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The Córdova-Flores Incident

bamas, and Coushattas were also removed, but without bloodshed, the last two tribes being given other land in Texas. Thus, more Indian land was made available to land-hungry speculators and settlers. About eighty Cherokee, Delaware, Kickapoo, and Caddo warriors made their way to Matamoros, where they were supplied with rations, arms, ammunition, clothing, and other necessities.[88] 

Although Córdova was forced to flee beyond the Río Grande and Flores was killed, the effects of their activities, supplemented by the work of other agents in Texas, were felt for several years. After the opening of the land offices under the land law of December 14, 1837, the Indians needed less encouragement from the Mexican agents; for seeing the surveyors, locators, and unprincipled land-grabbers at work beyond the settlements, they were not slow in believing that the white man was taking all their hunting grounds. Consequently, in 1838-1840, and to a less extent thereafter, the whole frontier from the Arroyo Seco and Río Frio to Red River was lighted with the flames of a savage war. Red men, egged on by Mexican agents, contended against Anglo-Texans for mastery. The Indian outrages were appalling, and the whole northern frontier bled from the savage fury.

On the Southwestern frontier a similar situation existed, flavored with Mexican and Texan banditry. En route to Austin with Colonel Jacob Snively, Secretary of the Treasury, James H. Starr, in the fall of 1839, "saw a band of fifteen Texas cowboys. They carry on a predatory warfare," he recorded, "against the inoffensive inhabitants of Chihauhua on the Río Grande, murdering them, burning their houses and driving off their cattle, mules and horses to this country in violation of a law of Congress and the Proclamation of the President inviting those Mexicans to trade on friendly terms with our people and offering them protection."[89]  He reported that the marauders were harboring hundreds of cattle in the vicinity [of La Grange?], and were boasting that no jury or court could be found to punish them. They "bragged that they even robbed neighbors' melon patches," he declared, confident that the blame would be put on the Tonkawa Indians.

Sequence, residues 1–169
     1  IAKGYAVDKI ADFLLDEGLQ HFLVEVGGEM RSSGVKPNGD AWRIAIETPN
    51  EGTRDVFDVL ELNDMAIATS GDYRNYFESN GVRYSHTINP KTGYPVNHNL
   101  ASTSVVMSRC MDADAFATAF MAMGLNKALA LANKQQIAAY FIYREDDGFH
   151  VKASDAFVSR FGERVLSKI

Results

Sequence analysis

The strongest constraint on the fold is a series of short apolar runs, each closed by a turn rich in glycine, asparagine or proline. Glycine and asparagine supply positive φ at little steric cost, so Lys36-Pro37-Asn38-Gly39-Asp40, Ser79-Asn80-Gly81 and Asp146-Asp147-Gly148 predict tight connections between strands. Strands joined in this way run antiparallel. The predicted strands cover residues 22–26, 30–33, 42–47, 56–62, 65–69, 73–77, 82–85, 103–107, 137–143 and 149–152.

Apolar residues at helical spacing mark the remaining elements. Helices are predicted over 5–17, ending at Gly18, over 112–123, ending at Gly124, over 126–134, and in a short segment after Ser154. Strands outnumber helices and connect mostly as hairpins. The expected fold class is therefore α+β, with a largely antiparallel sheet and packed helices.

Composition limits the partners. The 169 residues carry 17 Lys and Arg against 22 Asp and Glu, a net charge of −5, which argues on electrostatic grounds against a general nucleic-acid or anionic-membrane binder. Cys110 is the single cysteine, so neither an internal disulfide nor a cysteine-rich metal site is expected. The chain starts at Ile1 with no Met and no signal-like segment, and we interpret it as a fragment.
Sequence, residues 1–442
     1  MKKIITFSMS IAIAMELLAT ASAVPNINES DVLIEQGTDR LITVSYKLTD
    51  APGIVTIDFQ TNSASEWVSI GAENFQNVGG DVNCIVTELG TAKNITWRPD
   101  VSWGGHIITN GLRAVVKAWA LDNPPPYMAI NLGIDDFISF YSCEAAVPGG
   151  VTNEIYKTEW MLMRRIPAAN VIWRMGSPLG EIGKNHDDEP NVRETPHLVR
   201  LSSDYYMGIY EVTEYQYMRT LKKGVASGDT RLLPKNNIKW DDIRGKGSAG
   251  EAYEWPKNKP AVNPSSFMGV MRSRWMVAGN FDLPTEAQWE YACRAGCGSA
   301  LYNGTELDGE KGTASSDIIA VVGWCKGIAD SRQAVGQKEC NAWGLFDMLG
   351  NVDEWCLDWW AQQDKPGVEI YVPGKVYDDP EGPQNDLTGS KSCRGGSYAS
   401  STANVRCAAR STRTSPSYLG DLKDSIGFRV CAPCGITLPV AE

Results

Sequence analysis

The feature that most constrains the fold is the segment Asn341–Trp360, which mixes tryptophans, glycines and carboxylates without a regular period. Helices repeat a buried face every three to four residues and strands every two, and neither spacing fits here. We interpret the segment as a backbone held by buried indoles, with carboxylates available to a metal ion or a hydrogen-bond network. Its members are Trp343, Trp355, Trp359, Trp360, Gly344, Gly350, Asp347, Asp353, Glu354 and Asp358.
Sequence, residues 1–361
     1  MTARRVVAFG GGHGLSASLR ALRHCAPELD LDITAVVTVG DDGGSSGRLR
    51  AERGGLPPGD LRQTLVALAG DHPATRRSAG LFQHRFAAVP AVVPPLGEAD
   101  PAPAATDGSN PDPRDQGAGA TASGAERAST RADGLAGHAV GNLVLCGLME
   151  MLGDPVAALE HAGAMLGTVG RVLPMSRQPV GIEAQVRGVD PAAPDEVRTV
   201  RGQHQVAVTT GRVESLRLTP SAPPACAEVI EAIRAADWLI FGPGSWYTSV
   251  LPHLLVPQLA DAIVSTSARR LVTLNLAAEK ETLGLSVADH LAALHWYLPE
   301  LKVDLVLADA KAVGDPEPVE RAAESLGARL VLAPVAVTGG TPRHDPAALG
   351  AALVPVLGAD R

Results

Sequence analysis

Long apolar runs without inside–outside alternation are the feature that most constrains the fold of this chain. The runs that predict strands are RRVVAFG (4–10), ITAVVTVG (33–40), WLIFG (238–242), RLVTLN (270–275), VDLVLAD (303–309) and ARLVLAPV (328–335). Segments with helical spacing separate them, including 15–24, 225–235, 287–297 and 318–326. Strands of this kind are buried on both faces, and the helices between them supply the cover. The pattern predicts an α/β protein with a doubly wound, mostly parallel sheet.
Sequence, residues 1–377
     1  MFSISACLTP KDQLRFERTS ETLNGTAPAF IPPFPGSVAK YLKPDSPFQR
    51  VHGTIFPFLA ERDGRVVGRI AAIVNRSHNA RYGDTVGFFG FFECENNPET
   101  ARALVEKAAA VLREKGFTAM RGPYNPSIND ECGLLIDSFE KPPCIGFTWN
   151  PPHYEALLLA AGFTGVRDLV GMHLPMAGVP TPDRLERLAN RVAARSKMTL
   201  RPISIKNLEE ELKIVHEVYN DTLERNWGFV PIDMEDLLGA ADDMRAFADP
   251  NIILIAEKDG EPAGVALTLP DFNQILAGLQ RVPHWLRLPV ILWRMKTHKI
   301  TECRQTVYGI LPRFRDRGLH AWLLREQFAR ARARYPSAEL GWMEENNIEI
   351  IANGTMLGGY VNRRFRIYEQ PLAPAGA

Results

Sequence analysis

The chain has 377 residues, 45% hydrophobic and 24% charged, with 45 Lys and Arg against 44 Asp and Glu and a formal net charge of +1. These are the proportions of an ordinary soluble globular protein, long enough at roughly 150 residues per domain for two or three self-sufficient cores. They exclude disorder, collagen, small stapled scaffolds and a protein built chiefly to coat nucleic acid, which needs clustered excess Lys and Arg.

John H. Reagan, "The Expulsion of the Cherokees from East Texas," Quarterly of the Texas State Historical Association (1897-1898), 38-46.

88. D. W. Smith to John Forsyth, Matamoros, Jan. 1, 1840, Consular Dispatches (U. S.), Jan. 1, 1840-Dec. 29, 1848 (Matamoros), ms., microfilm; Colorado Gazette and Advertiser, Jan. 18, 1840. The Colorado Gazette reported Córdova and 90 Cherokees at Matamoros early in December 1839.

89. Private Memoranda, 1839-1840, in James H. Starr Papers, ms.

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AFTER SAN JACINTO: The Texas-Mexican Frontier, 1836-1841
Joseph Milton Nance, 1963